Purton will have claimed the championship for three years on the bounce, making it six titles in the last seven seasons. He has said previously that an element of boredom had crept in after Moreira left, and that came in the final months of the demoralising Covid-19 restrictions that Hong Kong as a whole, and Hong Kong’s horse racing participants more restrictively, had had to endure.

Despite his dominant haul of wins, this season’s tally of 121 with four meetings to go is more than 50 less than the titanic figure of 179 he reached in 2022-23. That was a Hong Kong record. His winning strike rate is also down to 18.7 percent compared with 25 percent last season.

“People think it’s easy for me, but it’s not as simple as that, it’s just not,” he says, acknowledging that he knows that he is the champion and therefore does get more opportunities than most jockeys on the list, but also pointing out some perspective.

“In some respects, it was better for me when Moreira was here because back then the majority of the owners would offer either of us the ride and if they couldn’t get us then they’d go to someone else. Now they’re spreading their rides around a lot more jockeys, so I’m not getting offered those rides to the same scale as I was before.

“I’m just not getting offered the quality rides I used to get, and this season, by comparison, I have struggled to get real quality rides consistently. I know people will find that hard to believe, but that’s the reality of it from where I’m sitting.”

He has bagged another championship and another Hong Kong Derby victory, a Champions Mile and a Hong Kong Sprint, but by his own standards, it’s the week-to-week quality that he feels is not coming his way as it once did.

Massive Sovereign and Zac Purton win Hong Kong Derby
ZAC PURTON, MASSIVE SOVEREIGN / Hong Kong Derby // Sha Tin /// 2024 //// Photo by HKJC

“It’s very hard to keep everyone happy,” he says. “For example, because the horses I ride start shorter than they should, the owners can’t get the price they want to have a bet; I hear trainers saying they don’t offer me rides because I’m always full, so then I don’t get offered as many rides as maybe I should; then Hugh (Bowman) has come to town and he’s the flavour of the month, Karis (Teetan) has always got good support. The horses are getting spread around a lot more these days than what they were.”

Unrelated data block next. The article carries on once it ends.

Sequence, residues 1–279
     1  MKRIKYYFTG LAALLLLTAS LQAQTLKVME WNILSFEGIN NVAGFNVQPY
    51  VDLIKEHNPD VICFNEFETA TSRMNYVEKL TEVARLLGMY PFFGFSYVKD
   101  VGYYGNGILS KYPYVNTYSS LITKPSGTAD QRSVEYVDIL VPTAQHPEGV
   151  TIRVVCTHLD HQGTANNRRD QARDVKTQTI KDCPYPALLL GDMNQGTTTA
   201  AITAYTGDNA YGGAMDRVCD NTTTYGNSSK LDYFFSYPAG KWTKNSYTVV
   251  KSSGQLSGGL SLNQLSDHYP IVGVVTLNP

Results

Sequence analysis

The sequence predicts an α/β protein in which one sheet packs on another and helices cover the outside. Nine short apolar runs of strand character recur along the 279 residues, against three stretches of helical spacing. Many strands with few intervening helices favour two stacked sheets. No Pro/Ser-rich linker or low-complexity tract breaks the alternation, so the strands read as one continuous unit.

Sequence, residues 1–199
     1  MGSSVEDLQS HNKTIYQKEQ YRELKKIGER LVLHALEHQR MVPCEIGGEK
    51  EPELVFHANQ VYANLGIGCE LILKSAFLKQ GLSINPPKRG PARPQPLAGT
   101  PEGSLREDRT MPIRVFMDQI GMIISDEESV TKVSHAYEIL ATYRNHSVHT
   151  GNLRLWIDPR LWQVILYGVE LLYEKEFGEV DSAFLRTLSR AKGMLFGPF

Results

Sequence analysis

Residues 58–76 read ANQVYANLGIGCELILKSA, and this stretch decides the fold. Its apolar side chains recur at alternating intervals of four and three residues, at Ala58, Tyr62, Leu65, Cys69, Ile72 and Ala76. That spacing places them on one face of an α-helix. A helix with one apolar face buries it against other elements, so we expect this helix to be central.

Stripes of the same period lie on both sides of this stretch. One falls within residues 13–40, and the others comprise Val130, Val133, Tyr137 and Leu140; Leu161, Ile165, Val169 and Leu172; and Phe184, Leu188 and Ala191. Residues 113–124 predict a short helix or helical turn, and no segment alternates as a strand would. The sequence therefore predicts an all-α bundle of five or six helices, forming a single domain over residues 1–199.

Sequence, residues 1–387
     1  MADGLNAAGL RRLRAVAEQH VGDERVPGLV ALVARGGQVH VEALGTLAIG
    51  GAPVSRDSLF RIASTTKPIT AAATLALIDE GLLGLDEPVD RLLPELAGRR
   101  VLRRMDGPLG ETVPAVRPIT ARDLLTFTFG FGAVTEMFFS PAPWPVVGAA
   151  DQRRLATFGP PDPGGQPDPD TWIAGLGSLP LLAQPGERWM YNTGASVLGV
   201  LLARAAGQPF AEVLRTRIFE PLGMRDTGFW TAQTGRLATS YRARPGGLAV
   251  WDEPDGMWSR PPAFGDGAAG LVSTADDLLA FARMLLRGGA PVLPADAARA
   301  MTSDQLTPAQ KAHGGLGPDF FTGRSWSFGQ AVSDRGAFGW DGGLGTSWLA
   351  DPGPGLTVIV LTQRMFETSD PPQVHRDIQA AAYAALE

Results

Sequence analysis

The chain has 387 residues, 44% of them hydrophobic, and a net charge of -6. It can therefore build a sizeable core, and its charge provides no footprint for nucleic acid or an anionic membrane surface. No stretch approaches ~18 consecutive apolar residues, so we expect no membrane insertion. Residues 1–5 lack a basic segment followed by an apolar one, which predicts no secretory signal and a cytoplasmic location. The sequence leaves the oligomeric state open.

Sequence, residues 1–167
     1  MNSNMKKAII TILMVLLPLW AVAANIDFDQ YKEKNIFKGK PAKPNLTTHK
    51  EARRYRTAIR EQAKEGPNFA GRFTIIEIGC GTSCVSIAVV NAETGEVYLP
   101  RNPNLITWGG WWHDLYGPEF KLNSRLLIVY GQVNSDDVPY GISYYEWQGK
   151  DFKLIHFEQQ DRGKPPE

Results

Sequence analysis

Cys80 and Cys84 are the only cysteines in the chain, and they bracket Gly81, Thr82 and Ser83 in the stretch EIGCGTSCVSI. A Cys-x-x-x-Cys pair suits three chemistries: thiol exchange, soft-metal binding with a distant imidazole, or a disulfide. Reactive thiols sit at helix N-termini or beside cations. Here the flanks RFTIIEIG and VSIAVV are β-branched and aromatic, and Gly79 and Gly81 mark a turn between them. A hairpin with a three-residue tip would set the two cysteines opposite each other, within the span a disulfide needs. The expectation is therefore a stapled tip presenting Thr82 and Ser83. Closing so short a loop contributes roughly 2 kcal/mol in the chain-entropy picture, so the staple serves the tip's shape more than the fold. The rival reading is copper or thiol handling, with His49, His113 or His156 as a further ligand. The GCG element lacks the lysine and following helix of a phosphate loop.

He points to a recent scenario leading into a weekend Sha Tin fixture.

“I only had four rides before entries came out,” he says. “I picked up another couple for John Size because he generally asks me if I’m free in any races, and on the day I ended up with only five rides on an 11-race card. I spent half the time sitting in the jockeys’ room watching the iPad. That’s just where I’m at.

“It’s just reflective of me not getting offered the rides like I was. I’m probably under more scrutiny as a rider than the other guys because everyone expects so much.”

Purton aims to be in peak condition, refreshed from his travels, when the season starts again in September. He’s been through that routine 17 times before.

“Every season is a new challenge and I’ve got to come back and work hard and hope I get the support and get the right opportunities and we’ll see how we go,” he says.

Zac and Nicole Purton
NICOLE PURTON, ZAC PURTON / G1 Hong Kong Mile // Sha Tin /// 2023 //// Photo by Lo Chun Kit

As for talk of retirement and concrete long-term plans?

“I don’t have any, I’m just taking it as it comes now,” he says. “I’ll just see how much more I can squeeze out of myself. If the physios and the medical team here can keep me going, I’ll keep going. But if it gets to a point where it’s just too hard, well then whenever that happens that’ll be it.”

And when it does, there might be a stable at Sha Tin with Purton’s name over the door.  

David Morgan is Chief Journalist at Idol Horse. As a sports mad young lad in County Durham, England, horse racing hooked him at age 10. He has a keen knowledge of Hong Kong and Japanese racing after nine years as senior racing writer and racing editor at the Hong Kong Jockey Club. David has also worked in Dubai and spent several years at the Racenews agency in London. His credits include among others Racing Post, ANZ Bloodstock News, International Thoroughbred, TDN, and Asian Racing Report.

View all articles by David Morgan.